National Science Fiction Day 2018 is on Tuesday, January 2, 2018: What is Aurelia and Blue Moon in science fiction?
Tuesday, January 2, 2018 is National Science Fiction Day 2018.
Aurelia and Blue Moon are hypothetical examples of a planet and a moon on which extraterrestrial life could evolve. They are the outcome of a collaboration between television company Blue Wave Productions Ltd. and a group of American and British scientists who were collectively commissioned by National Geographic. The team used a combination of accretion theory, climatology, and xenobiology to imagine the most likely locations for extraterrestrial life and most probable evolutionary path such life would take.
The scientists on the project theorized that aiming the TPF at a red dwarf star might yield the best opportunities for seeing smaller planets. Due to the slow rate at which they burn hydrogen, red dwarfs have an enormous estimated lifespan; allowing plenty of time for life to evolve on surrounding planets. Also, red dwarves are very common in the universe. Therefore, if they support habitable planets, it substantially increases the chances of finding life in the universe. However, being much dimmer than other stars, it will be harder to detect planetary systems around them. In addition, lower gravity would limit the potential size of a system. The discovery of Gliese 581 g raises hopes of finding more red dwarf systems, including potentially habitable ones.
Blue Moon is covered in life-giving water and an atmosphere so dense that enormous creatures can take flight. The Blue Moon orbits a Water Cloud Jovian planet (a Jupiter-like planet that is cool enough to have visible rain clouds in its atmosphere) orbiting a close binary star system. The Blue Moon itself is roughly an earth mass but has an air pressure around three times that of Earth's at sea level.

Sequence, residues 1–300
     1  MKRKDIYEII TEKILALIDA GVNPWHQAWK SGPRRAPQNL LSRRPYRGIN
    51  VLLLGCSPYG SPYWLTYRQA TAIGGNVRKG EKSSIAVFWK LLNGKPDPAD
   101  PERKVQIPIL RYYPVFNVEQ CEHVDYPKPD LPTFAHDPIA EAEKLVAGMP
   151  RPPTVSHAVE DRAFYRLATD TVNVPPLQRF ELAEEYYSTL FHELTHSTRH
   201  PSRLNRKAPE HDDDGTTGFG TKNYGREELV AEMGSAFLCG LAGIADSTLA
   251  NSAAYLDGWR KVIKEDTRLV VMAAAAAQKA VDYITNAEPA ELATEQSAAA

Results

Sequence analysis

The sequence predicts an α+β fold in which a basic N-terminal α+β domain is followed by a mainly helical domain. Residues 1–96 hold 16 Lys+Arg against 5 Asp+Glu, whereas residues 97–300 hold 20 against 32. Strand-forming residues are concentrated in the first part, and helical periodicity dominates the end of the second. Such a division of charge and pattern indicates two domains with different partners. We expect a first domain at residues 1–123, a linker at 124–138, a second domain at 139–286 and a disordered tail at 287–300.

A distinguishing feature of Blue Moon is that it has no polar ice caps: the thick atmosphere keeps temperatures constant across the moon's surface. There is also a greenish haze over the moon from large carpets of floating moss and algae.
The denser atmosphere allows more massive creatures to remain airborne than on Earth. Skywhales, gargantuan whale-like animals which evolved away from the ocean into the air, fill the ecological niche this creates. Because of the increased muscle power from excess atmospheric oxygen, these creatures can have wingspans of ten meters and remain airborne their entire lives. They feed on the previously mentioned air moss. They evolved from sea-going animals into flying ones in one evolutionary leap.
High levels of oxygen (30% of the atmosphere) push the atmosphere to the brink of spontaneous combustion during lightning storms. Carbon dioxide levels are thirty times higher than on Earth making the air clammy and warm. Like our moon, Blue Moon is tidally locked, meaning it keeps the same side of the moon faced towards its planet.
With an orbital time of roughly ten days, that means five days of continuous night and five days of continuous daytime. The long days and nights also create strong cross-hemisphere winds that help keep the Skywhales afloat, in addition to the density of the atmosphere and its increased oxygen concentration compared to Earth.